AME report for combat deployment and TBI with LOC

I got my PPL in 1985 and flew as often as I could. However, due solely to my military career, I had a 15-year flight hiatus. Between 2003 and 2010, I had five combat deployments to Iraq and Afghanistan. I separated from the military following my last deployment in 2014 after 18 years of service. Despite the many nearby explosions I suffered, on my last deployment I suffered a TBI with a positive LOC and a fractured right hip from a VBIED. The VA rated me 25% for the TBI and 55% for my hip. The VA prescribed me doxazocin in 2014 for the TBI/PTSD diagnosis. This drug is usually prescribed for high blood pressure and prostate problems, however, I have none of these. The VA has found this medication to be very beneficial in reducing or eliminating nightmares and allowing the service member to process information more appropriately and normally in high stress environments. Whether the data for this drug suggests so, I have no idea. What I can tell you is that ALL of my post-deployment nightmares are completely gone and I’m sleeping great.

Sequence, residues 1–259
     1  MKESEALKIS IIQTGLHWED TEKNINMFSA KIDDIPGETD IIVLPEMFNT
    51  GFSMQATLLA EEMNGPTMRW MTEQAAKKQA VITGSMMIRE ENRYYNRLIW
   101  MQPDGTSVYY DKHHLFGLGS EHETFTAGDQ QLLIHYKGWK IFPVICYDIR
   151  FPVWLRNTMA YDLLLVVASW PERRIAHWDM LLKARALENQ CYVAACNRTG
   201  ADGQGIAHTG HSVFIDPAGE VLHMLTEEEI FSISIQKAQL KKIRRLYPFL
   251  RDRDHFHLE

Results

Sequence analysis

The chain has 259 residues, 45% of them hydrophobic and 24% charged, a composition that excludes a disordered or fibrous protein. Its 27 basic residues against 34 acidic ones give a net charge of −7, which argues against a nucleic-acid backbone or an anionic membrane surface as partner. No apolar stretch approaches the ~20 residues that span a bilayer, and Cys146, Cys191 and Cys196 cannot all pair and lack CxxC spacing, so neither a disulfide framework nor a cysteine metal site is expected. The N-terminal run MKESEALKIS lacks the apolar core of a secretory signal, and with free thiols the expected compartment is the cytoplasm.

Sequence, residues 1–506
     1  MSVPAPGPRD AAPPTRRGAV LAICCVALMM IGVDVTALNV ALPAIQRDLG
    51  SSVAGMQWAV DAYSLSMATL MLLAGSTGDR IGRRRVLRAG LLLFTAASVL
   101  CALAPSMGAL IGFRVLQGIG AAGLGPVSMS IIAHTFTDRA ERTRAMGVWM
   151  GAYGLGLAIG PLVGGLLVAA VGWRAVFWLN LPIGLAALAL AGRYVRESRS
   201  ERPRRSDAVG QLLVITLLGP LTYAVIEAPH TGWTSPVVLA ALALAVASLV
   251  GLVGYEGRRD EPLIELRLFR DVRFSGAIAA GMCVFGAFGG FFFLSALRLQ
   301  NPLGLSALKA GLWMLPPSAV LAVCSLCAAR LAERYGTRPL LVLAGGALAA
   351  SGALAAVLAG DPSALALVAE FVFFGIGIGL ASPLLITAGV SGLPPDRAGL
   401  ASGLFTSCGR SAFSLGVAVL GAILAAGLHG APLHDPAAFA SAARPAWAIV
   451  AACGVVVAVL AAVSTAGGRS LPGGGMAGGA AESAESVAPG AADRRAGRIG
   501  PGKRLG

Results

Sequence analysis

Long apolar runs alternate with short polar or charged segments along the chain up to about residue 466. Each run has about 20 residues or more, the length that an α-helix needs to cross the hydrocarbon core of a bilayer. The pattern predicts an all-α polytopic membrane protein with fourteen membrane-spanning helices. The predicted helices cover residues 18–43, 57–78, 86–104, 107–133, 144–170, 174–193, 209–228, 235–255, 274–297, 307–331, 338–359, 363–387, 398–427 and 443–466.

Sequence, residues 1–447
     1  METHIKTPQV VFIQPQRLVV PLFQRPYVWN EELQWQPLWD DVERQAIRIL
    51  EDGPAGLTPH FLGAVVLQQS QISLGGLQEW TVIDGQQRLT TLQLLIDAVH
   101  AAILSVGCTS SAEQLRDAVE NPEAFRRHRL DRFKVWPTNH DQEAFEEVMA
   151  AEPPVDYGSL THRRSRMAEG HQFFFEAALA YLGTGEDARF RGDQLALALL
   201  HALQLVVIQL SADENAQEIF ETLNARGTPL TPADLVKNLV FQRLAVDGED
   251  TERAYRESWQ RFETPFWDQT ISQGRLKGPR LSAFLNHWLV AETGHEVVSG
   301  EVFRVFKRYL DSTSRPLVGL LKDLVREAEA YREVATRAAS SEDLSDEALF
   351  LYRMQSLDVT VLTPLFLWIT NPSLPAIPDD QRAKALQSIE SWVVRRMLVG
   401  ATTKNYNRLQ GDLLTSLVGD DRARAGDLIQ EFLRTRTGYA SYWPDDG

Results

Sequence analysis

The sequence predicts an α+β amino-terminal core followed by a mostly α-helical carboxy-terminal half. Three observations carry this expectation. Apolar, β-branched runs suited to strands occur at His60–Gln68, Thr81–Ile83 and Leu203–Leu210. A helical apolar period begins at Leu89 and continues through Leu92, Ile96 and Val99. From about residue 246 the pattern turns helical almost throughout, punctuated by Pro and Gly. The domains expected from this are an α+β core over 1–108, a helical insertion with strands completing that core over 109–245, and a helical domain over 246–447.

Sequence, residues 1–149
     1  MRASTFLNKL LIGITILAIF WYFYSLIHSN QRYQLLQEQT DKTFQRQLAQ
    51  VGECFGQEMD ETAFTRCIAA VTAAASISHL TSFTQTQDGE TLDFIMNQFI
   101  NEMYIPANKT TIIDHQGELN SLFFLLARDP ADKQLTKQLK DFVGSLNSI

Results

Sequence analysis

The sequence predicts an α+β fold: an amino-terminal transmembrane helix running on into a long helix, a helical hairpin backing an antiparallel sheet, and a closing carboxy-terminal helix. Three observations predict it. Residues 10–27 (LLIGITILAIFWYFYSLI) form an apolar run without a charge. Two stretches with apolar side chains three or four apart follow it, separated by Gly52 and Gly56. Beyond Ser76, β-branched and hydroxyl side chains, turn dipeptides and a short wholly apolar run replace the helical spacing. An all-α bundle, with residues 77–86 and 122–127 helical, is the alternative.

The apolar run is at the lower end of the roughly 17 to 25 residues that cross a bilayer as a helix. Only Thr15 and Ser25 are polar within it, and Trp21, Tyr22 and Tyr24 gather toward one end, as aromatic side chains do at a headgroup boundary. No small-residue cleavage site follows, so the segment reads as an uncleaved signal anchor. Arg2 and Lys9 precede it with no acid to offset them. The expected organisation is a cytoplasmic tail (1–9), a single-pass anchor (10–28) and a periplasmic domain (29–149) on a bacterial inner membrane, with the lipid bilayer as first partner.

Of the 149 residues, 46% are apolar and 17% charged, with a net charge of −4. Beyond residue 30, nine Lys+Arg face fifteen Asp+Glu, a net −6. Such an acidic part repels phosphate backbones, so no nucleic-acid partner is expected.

I have, since my separation from service, waited almost 10 years before trying to fly again because I wanted to determine if I would have any recurrences or other problems. I am happy to say that I have ZERO since 2014. I am, at this point, comfortable with my ability to process information. So much so that I am currently in graduate school completing my masters in which I am on track to earn a 4.0 GPA. I am not offering this to gloat or draw attention to myself. It’s just a piece of evidence that my brain has healed.

This year, with absolutely no other issues developing for nearly 10 years, I decided to try and reestablish my PPL currency. On August 3, 2022, I went to my AME for a medical class III exam. For the reasons given above, he said he had to defer to the FAA. At the end of the exam, he said to me:

“I see no reason for them to refuse this. And, personally, I think you’re a perfect candidate to fly again. I just have to send this back to the FAA for review.

I realize that it doesn’t matter what I think of my condition and that the FAA’s decision will be based on their empirical data regarding my condition. What I can say, in my humble opinion, is that I’m doing very well.

For those with similar issues and all medical experts reading this thread. Is my desire to fly again just wishful thinking? Should I forget to get back in the air and focus my attention elsewhere? I have MOUNTAINS of medical records. Should I send them all this? How accurate will they be regarding medical records? On this I contacted to see if they have any advice for me. But, anything this group has to offer would be appreciated.